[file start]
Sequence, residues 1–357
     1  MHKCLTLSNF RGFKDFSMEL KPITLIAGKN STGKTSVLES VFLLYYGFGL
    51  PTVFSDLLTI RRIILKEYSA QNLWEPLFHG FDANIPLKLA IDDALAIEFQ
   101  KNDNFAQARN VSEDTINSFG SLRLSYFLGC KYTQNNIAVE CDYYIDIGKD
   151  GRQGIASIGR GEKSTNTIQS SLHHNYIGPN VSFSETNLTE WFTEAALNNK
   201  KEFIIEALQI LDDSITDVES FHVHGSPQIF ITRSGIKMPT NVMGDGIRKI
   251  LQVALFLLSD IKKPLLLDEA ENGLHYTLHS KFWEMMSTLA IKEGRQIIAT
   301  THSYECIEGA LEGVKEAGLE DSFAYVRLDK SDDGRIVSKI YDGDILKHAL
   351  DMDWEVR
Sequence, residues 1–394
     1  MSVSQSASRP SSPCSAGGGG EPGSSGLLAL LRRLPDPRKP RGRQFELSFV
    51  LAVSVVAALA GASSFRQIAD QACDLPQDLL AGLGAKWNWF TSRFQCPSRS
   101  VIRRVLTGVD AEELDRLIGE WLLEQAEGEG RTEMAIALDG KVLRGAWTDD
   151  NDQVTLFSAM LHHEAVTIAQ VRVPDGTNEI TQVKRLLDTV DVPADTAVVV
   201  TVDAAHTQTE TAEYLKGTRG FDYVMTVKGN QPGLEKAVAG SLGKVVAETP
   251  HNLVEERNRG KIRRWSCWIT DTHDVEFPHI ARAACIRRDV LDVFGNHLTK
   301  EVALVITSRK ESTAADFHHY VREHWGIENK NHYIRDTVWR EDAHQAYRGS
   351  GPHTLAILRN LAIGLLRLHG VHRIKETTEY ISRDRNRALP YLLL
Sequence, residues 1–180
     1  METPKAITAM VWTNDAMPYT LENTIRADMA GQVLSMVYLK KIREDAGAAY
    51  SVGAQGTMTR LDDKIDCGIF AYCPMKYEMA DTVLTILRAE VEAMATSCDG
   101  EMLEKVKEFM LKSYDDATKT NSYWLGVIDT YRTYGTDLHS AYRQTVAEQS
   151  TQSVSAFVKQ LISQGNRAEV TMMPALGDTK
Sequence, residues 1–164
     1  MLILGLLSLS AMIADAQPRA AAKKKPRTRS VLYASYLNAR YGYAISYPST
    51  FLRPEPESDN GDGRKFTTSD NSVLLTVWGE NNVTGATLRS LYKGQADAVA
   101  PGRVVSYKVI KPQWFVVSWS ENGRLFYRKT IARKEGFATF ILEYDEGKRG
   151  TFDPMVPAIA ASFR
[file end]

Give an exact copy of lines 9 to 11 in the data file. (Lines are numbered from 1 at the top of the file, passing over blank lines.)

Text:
   351  DMDWEVR
Sequence, residues 1–394
     1  MSVSQSASRP SSPCSAGGGG EPGSSGLLAL LRRLPDPRKP RGRQFELSFV